Thick, with a mild, slightly sweet taste, this winter squash is low-calorie and a good source of vitamin A, vitamin C, potassium, dietary fiber and manganese, folate, omega 3 fatty acids, vitamin B1 (thiamin), copper, tryptophan, vitamin B6 (pyridoxine), vitamin B3 (niacin) and vitamin B5 (pantothenic acid). It is also a source of iron and beta carotene. (source)
The warm hues of autumn are echoed in this golden-orange bowl of butternut squash soup.
I had already roasted the butternut squash the day before I came upon this Williams-Sonoma recipe that roasts the squash without cutting it in half. I’m always uneasy cutting these thick-skinned squash and will definitely give this method a try next time. I usually cut the squash in half, brush with melted butter, sprinkle with salt and pepper and bake until tender.
And, since I didn’t have the oven hot at the time I was making the soup, I toasted the nuts in a dry pan on top of the stove.
Butternut Squash Soup
slightly adapted from recipe Williams-Sonoma
2 large butternut squashes, each 1 1/2 to 2 lb.
1/3 cup hazelnuts, optional (I used mixed nuts)
6 Tbs. (3/4 stick) unsalted butter
2 yellow onions, chopped (I used the red onions because that is what I had)
3 celery ribs, chopped
8 fresh sage leaves, shredded
6 cups chicken or vegetable stock or canned broth
Salt and freshly ground pepper, to taste (I used 1 teaspoon salt and 1/4 tsp pepper)
Ground nutmeg, to taste, (I think the nutmeg is important and added about 1/4 teaspoon freshly ground)
Pinch of sugar, if needed (I added 1 Tablespoon of brown sugar)
1 cup cream or half & half or more to thin to desired consistency (I used fat free half & half)
Served with a dollop a Greek yogurt or sour cream
Preheat an oven to 400°F.
Prick each squash with the tip of a knife so it will not explode when it bakes. Place the whole squashes on a baking sheet and roast until they feel somewhat soft to the touch and a knife penetrates the skin easily, about 1 hour. Remove from the oven and, when cool enough to handle, cut in half lengthwise and remove and discard the seeds and fibers. Scoop out the pulp into a bowl and set aside.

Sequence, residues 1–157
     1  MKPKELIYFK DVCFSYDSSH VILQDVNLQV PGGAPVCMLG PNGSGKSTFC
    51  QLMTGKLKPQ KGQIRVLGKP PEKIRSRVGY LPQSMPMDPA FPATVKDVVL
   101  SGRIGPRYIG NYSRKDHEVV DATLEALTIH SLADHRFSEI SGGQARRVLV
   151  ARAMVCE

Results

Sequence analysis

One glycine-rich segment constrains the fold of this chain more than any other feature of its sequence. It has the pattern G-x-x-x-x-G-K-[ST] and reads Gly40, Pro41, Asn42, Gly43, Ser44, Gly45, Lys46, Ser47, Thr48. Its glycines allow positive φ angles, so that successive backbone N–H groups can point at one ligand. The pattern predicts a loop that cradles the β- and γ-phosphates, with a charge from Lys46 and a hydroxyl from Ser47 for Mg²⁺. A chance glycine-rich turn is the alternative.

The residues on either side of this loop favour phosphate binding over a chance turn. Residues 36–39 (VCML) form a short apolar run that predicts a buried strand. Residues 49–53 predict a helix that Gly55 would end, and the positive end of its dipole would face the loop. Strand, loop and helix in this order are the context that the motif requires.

While the squashes are cooling, reduce the oven temperature to 350°F. Spread the hazelnuts on a baking sheet and toast until fragrant and the skins have loosened, about 10 minutes. Remove from the oven and, while still warm, place the nuts in a kitchen towel. Rub the towel vigorously to remove the skins; do not worry if small bits of skin remain. Chop and set aside.
In a saucepan over low heat, melt the butter. Add the onions, celery and half of the sage and cook, stirring occasionally, until the onions are tender and translucent, 8 to 10 minutes. Add the stock and squash pulp, raise the heat to high and bring to a boil. Reduce the heat to low and simmer for a few minutes to combine the flavors. Remove from the heat.
Working in batches, puree the soup in a blender or food processor. Return to a clean saucepan. Alternatively, pass the soup through a food mill placed over the pan. Reheat gently over medium-low heat. Season with salt and pepper (and cream, if using). If the squash is starchy rather than sweet, a little nutmeg will help. If the nutmeg does not give the proper flavor balance, add a pinch of sugar.
Ladle into warmed bowls and garnish with the hazelnuts and the remaining sage. If desired, top with a dollop of Greek yogurt or sour cream. Serve immediately.